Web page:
- The clip is taken from Whiteys Like Us (1999), a documentary filmed in Sydney that follows 15 non-Indigenous Australians participating in an eight-week Aboriginal Reconciliation Learning Circle. Written and directed by Rachel Landers, the film was awarded the United Nations Media Award at the Melbourne International Film Festival in 1999 and was aired nationally on Australia’s Special Broadcasting Service (SBS) in the same year.
A group of non-Indigenous adults are sitting at desks participating in a Reconciliation Learning Circle in Sydney.
Female participant 1 We can’t just discuss them as sort of sitting in a bit of Arnhem Land in their traditional way of life. Inasmuch as we’ve moved on in 200 years, they’ve moved on. And I think this is a complication in the reconciliation field.
Darren Well, that brings you to what defines an Aboriginal. You define that first, and then you can start working things out. I had this little discussion earlier – is an Aboriginal anyone who’s black? Any part black, is that an Aboriginal?
Female participant 1 Well, if…
Darren Or is an Aboriginal someone who is a native Indigenous Australian living and practising their culture and customs?
Female participant 1 Well, if…
Female participant 2 None of the above. They have to be a descendant of an Indigenous person. They have to be recognised by the community, the Aboriginal community, as such. And they have to identify themselves with them. They’re the three separate bits. And it doesn’t matter what colour they are.
Darren Why should we accept a one-64th Aborigine who lives and works in a white man’s world and has no connection with his culture or his history, why should we call him an Aborigine and give him all the same benefits as someone who…
Female participant 2 … in this country.
Darren No, no, no.
Female participant 1 You’ve got a very good question there.
Darren If they get the same benefits as every citizen in this country, they are Australian. If they get Aboriginal benefits, they are a native Indigenous person. They get more than what we do. OK. Go and take me out a bank loan for a house and see what I pay. See what an Aboriginal pays. Go and put me on social welfare. See how fast I get on as compared to how fast an Aboriginal gets on. This question, for a lot of Australians, is not just about Aboriginals. It is about immigrants, it is about all the welfare groups. Predominantly immigration and Aboriginals. Why do they get more than me?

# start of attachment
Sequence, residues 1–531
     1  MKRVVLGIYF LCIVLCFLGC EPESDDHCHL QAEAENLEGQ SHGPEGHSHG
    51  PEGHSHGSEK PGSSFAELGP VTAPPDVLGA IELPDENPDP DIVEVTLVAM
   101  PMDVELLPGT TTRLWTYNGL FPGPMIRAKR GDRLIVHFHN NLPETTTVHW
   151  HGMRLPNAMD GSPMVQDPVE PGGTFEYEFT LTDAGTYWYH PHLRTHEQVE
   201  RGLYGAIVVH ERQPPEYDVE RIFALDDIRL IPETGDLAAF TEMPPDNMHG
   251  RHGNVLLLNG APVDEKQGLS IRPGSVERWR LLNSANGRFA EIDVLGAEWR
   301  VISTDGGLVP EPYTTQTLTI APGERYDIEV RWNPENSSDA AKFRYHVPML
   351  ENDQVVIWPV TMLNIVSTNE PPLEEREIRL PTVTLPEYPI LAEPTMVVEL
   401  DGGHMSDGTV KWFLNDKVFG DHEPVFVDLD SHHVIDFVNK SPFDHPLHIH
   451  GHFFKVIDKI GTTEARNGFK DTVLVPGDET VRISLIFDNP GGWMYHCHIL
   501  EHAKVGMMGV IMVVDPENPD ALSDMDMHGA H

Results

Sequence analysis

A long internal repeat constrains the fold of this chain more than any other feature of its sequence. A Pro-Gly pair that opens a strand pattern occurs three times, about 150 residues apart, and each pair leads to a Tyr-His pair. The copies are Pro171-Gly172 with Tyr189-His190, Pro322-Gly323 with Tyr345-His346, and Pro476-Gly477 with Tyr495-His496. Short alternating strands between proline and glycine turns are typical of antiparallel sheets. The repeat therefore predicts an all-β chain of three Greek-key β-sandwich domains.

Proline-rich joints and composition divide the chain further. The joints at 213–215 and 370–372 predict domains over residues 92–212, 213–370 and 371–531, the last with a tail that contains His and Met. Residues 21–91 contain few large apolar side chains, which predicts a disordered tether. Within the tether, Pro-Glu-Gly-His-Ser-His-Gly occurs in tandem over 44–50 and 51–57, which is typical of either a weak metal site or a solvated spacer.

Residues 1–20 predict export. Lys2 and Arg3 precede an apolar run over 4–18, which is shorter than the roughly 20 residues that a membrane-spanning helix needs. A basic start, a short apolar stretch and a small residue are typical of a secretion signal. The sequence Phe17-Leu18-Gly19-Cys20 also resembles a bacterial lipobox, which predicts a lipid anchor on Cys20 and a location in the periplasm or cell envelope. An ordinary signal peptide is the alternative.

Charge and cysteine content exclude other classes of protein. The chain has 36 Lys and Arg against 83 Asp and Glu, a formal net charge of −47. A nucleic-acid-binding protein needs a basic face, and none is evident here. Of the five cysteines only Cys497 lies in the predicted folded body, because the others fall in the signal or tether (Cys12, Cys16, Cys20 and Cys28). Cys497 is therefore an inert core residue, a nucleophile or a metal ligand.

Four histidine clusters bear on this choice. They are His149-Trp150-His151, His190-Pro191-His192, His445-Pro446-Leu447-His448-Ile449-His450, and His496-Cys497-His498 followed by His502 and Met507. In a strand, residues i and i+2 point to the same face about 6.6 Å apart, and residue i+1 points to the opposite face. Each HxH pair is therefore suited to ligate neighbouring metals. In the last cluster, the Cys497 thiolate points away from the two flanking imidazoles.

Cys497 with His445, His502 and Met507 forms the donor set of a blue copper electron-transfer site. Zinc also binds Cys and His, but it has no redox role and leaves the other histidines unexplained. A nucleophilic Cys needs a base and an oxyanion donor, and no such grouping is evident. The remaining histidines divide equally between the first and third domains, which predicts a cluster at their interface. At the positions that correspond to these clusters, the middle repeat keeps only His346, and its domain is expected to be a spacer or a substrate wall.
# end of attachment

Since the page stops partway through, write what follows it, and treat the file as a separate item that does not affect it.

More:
One of the participants, Hugh, walks out.
Female participant 3 Having worked in community-based organisations and that for ten years, you see how people working in the field, dealing with real live people that have real live problems…
Darren So do white Australians. And that’s what they want to know…
Female participant 3 And they have opportunities. And they have the benefit. We have the social security systems.
Darren They don’t get the same opportunities as immigrants and Aborigines. They do not.
Female participant 3 Oh, really?
Darren Have you been on the dole? Have you been on the dole?
Female participant 3 Yes, I have.
Darren And it took you six weeks to get any money, didn’t it?
Female participant 3 Yes. So, that’s…
Darren Six weeks. It doesn’t happen to immigrants and it doesn’t happen to Aborigines. They can get a cheque right there and then.
Female participant 3 Immigrants now have to wait two years before they get any, Darren.
Darren They do now. That’s a new thing that’s been brought in in the last 12 months.
Female participant 2 ‘How dare somebody get more than me.’ That’s what it’s all about.
Participant That’s what it comes down to.